When it’s time to say goodbye to this carefree village, some appear reluctant to return to the boat and the comfort of their resort. The people of Navula have little, but they do seem to have a collective peace of mind, and that’s far more precious than material things. www.sigatokariver.com 

Hit the Beach! 

Fiji’s beaches are some of the most pristine in the world, and with so many to choose from, it’s easy to find your personal paradise. Whether you’re a honeymooner looking for complete seclusion, a thrill seeker eager for adventure, or a nature lover ready to get better acquainted with marine life, your palm tree-studded utopia awaits.  

Yasawa Island Resort and Spa on Yasawa Island 

Several of the best beaches are on Yasawa, the northernmost island in the Yasawa island chain. Yasawa is Fijian for Heaven, and the moniker is well-deserved. The all-inclusive Yasawa Island Resort and Spa is the only commercial development on the 13-mile-long island. Surrounded by 11 isolated powdery white sand beaches, it’s a newlywed’s dream. Check into one of 18 private luxury bungalows, and let the romance begin.  

An excursion to the Blue Lagoon Caves is a must. Exploring these ancient limestone caves filled with calm azure water is a vacation highlight for many. www.yasawa.com 

Six Senses on Malolo Island 

Six Senses, an eco-friendly luxury resort with 24 pool villas, offers many ways to enjoy the water. Experienced surfers are only 15 minutes away from Cloudbreak, the legendary wave that has all the power of the mighty South Pacific behind it. Even the pros get an adrenaline rush from conquering this moody, volatile wave. But not all the of the surf is so challenging; there are plenty of mellow surf spots for beginners, too. 

For a low key way to enjoy this vast aquatic playground, grab your snorkeling gear and immerse yourself into an enchanted underwater world teeming with sea creatures. Malolo is surrounded by clear water and some of the most diverse, unspoiled coral reefs in the world. They are home to curious sea turtles, including the critically endangered hawksbill named for its pointed, bird-like face. Hundreds of species of colorful reef fish like to play hide-and-seek with snorkelers, darting behind gently-waving sea fans and rose-colored anemone, then popping out moments later. www.sixsensesfiji.com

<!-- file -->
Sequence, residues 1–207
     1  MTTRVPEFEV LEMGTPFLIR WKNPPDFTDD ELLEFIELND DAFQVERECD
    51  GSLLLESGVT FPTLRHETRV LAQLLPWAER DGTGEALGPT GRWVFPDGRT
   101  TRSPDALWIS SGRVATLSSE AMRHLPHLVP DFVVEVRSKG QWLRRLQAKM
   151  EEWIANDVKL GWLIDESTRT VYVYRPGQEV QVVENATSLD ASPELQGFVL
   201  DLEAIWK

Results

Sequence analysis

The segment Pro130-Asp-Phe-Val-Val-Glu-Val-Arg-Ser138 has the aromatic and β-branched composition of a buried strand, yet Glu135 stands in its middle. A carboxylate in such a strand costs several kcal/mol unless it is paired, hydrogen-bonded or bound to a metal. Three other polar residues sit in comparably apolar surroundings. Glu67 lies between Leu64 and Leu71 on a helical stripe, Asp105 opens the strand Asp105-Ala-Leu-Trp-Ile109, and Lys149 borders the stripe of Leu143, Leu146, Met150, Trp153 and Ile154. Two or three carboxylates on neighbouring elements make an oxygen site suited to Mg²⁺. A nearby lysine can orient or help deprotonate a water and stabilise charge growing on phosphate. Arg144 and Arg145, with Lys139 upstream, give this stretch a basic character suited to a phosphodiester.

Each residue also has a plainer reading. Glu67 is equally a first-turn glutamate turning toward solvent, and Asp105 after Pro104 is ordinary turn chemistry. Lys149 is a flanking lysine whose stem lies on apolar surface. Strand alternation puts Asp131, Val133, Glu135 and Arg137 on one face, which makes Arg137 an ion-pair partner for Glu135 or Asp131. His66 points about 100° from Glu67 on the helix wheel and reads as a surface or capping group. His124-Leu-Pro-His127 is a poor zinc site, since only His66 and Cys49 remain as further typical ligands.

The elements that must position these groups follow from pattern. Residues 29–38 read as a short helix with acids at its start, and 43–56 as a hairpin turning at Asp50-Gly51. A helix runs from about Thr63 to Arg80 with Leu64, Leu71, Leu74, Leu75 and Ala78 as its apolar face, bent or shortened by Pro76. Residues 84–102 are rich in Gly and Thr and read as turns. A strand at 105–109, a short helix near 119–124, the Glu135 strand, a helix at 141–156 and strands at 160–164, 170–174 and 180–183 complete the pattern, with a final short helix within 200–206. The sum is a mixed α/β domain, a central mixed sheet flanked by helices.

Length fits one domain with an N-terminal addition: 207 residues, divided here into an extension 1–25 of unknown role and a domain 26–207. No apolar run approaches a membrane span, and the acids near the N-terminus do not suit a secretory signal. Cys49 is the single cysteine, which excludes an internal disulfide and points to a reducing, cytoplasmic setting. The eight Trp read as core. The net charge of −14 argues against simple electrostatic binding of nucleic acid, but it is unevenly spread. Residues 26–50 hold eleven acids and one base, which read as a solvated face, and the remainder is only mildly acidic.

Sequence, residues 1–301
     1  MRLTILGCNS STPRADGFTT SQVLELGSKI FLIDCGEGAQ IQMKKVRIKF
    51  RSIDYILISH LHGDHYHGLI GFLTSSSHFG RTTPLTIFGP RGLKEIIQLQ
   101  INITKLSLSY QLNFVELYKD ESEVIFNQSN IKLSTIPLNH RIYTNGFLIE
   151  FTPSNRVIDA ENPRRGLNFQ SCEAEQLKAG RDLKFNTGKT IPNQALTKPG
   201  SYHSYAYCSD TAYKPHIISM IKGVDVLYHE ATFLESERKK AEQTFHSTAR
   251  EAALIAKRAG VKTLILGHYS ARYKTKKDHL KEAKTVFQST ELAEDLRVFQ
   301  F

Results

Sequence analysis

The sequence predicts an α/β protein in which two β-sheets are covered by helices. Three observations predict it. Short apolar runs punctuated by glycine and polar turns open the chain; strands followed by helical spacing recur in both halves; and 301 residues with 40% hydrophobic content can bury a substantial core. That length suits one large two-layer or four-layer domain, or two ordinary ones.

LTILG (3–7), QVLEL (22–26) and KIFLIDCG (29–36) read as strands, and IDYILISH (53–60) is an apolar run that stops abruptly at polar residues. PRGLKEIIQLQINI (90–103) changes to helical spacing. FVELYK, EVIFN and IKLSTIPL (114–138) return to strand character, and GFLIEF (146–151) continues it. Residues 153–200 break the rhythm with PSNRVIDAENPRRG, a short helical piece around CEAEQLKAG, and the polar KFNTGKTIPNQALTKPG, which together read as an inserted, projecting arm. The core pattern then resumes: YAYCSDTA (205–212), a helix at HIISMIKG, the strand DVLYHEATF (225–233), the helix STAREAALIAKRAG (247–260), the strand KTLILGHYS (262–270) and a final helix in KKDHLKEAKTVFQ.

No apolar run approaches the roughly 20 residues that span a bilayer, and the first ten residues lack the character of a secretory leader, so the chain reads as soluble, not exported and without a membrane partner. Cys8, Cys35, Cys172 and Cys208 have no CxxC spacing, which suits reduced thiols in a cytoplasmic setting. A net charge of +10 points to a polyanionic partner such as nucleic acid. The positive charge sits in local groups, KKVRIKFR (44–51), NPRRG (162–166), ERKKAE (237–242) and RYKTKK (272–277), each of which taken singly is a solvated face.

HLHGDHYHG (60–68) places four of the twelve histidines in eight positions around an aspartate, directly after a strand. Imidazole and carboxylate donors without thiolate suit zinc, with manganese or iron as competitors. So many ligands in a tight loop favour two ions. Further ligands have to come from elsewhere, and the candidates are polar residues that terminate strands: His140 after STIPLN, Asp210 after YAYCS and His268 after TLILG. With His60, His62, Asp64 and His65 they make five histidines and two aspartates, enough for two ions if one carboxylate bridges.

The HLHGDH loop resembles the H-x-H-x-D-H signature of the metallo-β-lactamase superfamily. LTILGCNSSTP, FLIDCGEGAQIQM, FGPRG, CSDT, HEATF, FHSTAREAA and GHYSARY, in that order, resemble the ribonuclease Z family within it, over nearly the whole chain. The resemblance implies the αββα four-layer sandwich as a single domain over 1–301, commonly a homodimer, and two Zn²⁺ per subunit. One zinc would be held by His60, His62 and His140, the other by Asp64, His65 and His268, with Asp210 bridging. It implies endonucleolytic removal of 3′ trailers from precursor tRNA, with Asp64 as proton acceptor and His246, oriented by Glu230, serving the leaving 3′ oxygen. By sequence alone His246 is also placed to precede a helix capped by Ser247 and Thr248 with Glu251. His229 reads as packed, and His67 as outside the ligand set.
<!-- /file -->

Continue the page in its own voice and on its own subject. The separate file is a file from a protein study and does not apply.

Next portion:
Likuliku Lagoon on Malolo Island 

Take your subaquatic adventures to the next level at Likuliku Lagoon, a luxury, adults-only resort that features 45 “bures,” traditional thatched Fijian villas, some built right over the water. Certified divers can choose from dozens of dive sites in the Mamanuca Islands, and most are just a short boat ride away. As you float through the soft corals Fiji is famous for, you may encounter large manta rays undulating their flat bodies as they search for food or a pod of playful dolphins.  

Divers can also swim through the eerie skeleton of a shipwreck and see what remains of a WWII B26 bomber. www.likulikulagoon.com  

Wrap up your stay in Fiji with a traditional song and dance performance known as meke, a window into the country’s culture and traditions. Most resorts stage them at least once a week. A diverse repertoire features everything from spear-wielding, bare-chested men stomping out a war-like dance to graceful, garland-clad women telling age-old tales through song.  

Tracey Teo is a writer living in Evansville, Indiana.